“Reading books makes me happy. Reading enables me to see the vast world, though I only live in the village”
Heartfelt happiness is a precious thing for children who live in times of conflict and post conflict. Their childhood is taken away and replaced by horrible and traumatic experiences such as shooting, killing, burning, torture, and they have to run for their life and become refugees in the forest for months. No more time to play, let alone practical joke. The only thing available for them is teror.
In post conflict period, the world they live in is a world protected by a fortress of identity based on ethnicity or religion. The feeling of suspicious, revenge and also hate against the world outside their own community not only create a feeling of being alienated, but also the feeling of being viewed as the enemy that if necessary would be combated. Difference is an alien concept to them because in their childhood, their world is confined, no room (to learn about the differences).
Books can serve as the bridge of their feelings that enable them to have dreams. Just listen to what 12 years old Andi says, “I want to be like Arai in the book of ‘Laskar Pelangi’(The Rainbow Army). He was smart, though he was poor, and lived in a village, and though he was an orphan.” Or listen to 17 years old Murni, “I want to become a comic book writer. I can better express what I feel when I draw pictures.” Their dreams have become their source of motivation in pursuing their aspirations for a better life.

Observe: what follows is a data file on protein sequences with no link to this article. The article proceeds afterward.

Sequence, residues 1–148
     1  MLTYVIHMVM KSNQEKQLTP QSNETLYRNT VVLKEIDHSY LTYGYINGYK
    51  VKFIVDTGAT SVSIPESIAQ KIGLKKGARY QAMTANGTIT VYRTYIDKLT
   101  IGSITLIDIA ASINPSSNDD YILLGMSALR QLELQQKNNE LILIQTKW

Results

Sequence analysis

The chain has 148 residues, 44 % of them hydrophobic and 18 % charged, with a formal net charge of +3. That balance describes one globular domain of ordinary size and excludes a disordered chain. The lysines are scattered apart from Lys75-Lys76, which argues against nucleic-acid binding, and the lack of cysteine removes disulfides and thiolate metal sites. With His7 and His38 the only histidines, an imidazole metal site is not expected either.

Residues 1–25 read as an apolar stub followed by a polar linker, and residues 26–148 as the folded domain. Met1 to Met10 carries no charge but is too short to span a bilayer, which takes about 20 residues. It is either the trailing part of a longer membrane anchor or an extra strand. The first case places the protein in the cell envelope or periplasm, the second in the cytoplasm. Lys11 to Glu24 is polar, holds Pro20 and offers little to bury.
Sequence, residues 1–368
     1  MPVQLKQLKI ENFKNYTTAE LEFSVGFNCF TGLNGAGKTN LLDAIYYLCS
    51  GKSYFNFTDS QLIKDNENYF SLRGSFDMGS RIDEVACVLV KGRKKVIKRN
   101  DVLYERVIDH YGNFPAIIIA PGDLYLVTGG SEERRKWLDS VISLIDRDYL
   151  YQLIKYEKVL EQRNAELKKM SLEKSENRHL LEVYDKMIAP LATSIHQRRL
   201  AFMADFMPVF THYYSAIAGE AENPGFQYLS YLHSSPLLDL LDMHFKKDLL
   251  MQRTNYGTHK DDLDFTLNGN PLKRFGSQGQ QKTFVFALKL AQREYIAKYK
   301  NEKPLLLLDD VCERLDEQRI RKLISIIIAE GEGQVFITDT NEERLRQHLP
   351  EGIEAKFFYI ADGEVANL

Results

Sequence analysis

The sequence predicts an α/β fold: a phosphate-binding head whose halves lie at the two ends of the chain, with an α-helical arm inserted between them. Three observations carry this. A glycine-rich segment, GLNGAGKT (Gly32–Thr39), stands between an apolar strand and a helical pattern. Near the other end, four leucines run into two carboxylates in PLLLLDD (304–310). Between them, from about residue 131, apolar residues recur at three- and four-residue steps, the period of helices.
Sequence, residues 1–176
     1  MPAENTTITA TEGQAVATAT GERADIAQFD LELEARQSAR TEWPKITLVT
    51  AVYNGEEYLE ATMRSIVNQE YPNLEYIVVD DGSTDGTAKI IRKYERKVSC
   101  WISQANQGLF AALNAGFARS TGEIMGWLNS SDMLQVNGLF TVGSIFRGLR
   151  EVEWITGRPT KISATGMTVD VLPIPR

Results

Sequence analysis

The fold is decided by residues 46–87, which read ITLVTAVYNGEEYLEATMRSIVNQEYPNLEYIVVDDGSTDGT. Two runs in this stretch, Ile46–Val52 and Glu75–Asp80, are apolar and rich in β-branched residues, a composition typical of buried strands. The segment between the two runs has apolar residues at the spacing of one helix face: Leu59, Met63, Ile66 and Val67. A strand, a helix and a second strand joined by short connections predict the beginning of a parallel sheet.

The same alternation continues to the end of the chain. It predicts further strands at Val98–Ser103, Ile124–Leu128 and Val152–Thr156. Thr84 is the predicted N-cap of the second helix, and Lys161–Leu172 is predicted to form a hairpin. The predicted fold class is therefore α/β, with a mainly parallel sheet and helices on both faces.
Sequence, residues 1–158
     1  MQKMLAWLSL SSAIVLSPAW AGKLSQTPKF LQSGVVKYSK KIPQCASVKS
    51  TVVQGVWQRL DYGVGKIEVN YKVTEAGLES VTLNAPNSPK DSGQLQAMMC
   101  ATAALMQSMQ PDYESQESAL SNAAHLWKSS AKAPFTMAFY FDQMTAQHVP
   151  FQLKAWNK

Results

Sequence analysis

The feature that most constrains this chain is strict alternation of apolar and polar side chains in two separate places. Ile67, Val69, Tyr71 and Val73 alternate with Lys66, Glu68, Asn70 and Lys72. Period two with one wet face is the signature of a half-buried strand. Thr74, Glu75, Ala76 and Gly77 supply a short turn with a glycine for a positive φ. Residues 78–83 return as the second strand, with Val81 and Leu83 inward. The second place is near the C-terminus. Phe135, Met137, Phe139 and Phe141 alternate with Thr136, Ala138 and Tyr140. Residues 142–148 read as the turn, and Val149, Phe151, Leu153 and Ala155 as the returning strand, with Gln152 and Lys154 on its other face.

Books enable them to break through the limitation of their identity box and take them adventuring the vast world and develop their awareness of the beauty of differences of many things in the world.
The idea of mobile library also comes from the story of the children who live outside the refugee compound. In pursuing a heartfelt happiness and to see the outside world, dozen of children travel as far as 2-3 kilometer to the Sophia Library. There are only twenty books available so these children need to take turn to read them. Yet these books are read over and over again enthusiastically by hundred of children. The only limitation to their enthusiasm is their lack of access to books. Therefore, they are so happy when a few parties organized by the Indonesian Community in Japan (ICJ) donate hundreds of books to the Sophia Project.
Therefore, the Sophia Project decides to use the idea of mobile library so that more children can enjoy a “happy heart” and “see the vast world”, to dream, and to give shape to their dream of a beautiful and peaceful post-conflict life.
To learn more about Project Sophia and to support World Faith Indonesia’s ambitious project, please visit: http://www.sophialibrary.blogspot.com/